We are people who have been elected by people across the country, given responsibility, and are accountable to those people. And to think that the party leadership, whether it's members of Congress, the Senate, governors, shouldn't play a role in selecting who the president of the United States is going to be, I think is a -- was not a wise decision.
And I think most members share that view. But...
CAVUTO: Would you want a push to make sure they remove that?
HOYER: I personally would, no doubt about that.
CAVUTO: All right.
HOYER: Yes, I think that they also include those people who have worked with many of these people.
I served with Bernie. I have served with Elizabeth Warren, as -- she is a senator, but I served with her when she was in the administration and worked with her.
HOYER: Obviously, the other candidates, Amy Klobuchar, we know these people. We have seen them. We have seen how they make decisions. We have seen how they respond to crisis.
It seems to me that's a worthwhile group to have making your decision of who's going to be the president of the United States.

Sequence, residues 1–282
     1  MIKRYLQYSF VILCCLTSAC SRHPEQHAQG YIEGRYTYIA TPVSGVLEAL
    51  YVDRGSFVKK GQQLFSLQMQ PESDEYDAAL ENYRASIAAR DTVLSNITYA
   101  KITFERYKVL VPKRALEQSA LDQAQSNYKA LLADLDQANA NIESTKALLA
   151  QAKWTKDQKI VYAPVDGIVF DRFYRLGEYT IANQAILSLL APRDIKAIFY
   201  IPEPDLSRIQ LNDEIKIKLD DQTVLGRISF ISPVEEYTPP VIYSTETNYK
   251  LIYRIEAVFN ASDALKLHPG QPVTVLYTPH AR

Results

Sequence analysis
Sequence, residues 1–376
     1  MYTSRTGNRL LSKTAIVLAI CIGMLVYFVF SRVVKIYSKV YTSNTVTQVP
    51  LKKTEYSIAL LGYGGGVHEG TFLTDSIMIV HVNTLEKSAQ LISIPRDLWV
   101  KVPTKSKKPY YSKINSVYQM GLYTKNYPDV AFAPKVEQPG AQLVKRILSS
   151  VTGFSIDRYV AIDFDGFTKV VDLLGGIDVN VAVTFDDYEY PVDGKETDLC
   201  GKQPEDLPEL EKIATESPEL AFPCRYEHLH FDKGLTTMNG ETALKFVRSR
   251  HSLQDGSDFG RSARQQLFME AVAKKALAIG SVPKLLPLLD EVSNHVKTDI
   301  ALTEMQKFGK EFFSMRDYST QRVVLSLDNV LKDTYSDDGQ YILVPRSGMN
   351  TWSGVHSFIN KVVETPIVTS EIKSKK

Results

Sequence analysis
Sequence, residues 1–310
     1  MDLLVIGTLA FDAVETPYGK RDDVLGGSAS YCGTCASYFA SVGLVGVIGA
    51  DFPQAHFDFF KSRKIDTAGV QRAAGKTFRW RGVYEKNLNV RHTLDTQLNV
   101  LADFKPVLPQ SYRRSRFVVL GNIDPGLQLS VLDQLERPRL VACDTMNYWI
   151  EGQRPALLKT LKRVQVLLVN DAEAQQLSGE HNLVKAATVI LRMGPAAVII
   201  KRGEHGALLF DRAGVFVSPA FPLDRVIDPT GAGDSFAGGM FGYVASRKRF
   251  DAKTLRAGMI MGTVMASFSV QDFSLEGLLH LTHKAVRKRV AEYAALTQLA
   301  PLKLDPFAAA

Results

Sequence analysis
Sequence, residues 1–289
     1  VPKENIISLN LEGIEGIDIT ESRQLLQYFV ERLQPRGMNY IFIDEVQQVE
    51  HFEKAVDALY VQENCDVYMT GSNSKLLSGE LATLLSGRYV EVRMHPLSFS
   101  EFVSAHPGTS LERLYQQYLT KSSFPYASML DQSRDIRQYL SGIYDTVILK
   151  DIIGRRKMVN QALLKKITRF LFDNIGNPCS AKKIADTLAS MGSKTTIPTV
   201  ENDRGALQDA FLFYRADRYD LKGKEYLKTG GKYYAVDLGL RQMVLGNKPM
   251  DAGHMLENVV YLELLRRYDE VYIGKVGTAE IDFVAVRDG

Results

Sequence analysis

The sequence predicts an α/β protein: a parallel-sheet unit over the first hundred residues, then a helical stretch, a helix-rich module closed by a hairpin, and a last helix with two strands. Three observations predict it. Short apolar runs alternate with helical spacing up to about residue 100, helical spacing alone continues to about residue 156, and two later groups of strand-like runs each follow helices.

CAVUTO: All right, Steny Hoyer, thank you very much. Good catching up with you.
HOYER: You bet. Thanks a lot, Larry (sic).
CAVUTO: It's Neil, but that's OK.
CAVUTO: It's OK.
We have a lot more coming up.
We're going to get a presser coming out of Iowa on the release of at least some of the data, some of the tabulations, but not all of them.
Already, folks like Elizabeth Warren have said, it's either all or nothing, there's a problem with that -- after this.
(COMMERCIAL BREAK) CAVUTO: All right, we should shortly be hearing from the Iowa Democratic caucus chair on the release of that data on the voting last night.
When he speaks, of course, we will take you there.
In the meantime, to the ambassador to Germany, Ric Grenell.
Ambassador, very good to have you.
I know you seem a world away looking at these developments here in Iowa and elsewhere. When foreigners are watching our political process and how it's sorting out and how the president is viewed, what is their reaction, particularly in Germany?
RIC GRENELL, U.S. AMBASSADOR TO GERMANY: Well, I don't get a single question about what I think our U.S. media continues to focus on.
What I get is trade deals, the economy, what's going on with defense spending, are we going to support NATO fully?
Look, I hear a lot of talk here when I am in the U.S. all about kind of the style question of President Trump. And I will take that debate all day long, because the president's style is actually working.
You look at $130 billion in increased defense spending, $400 billion in plan through 2024. You look at the trade deals, you look at the fact that President Trump, unlike any other president, is utilizing the Defense Department via the military, in combination with the State Department via diplomacy, whether it's in North Korea or Russia, Iran.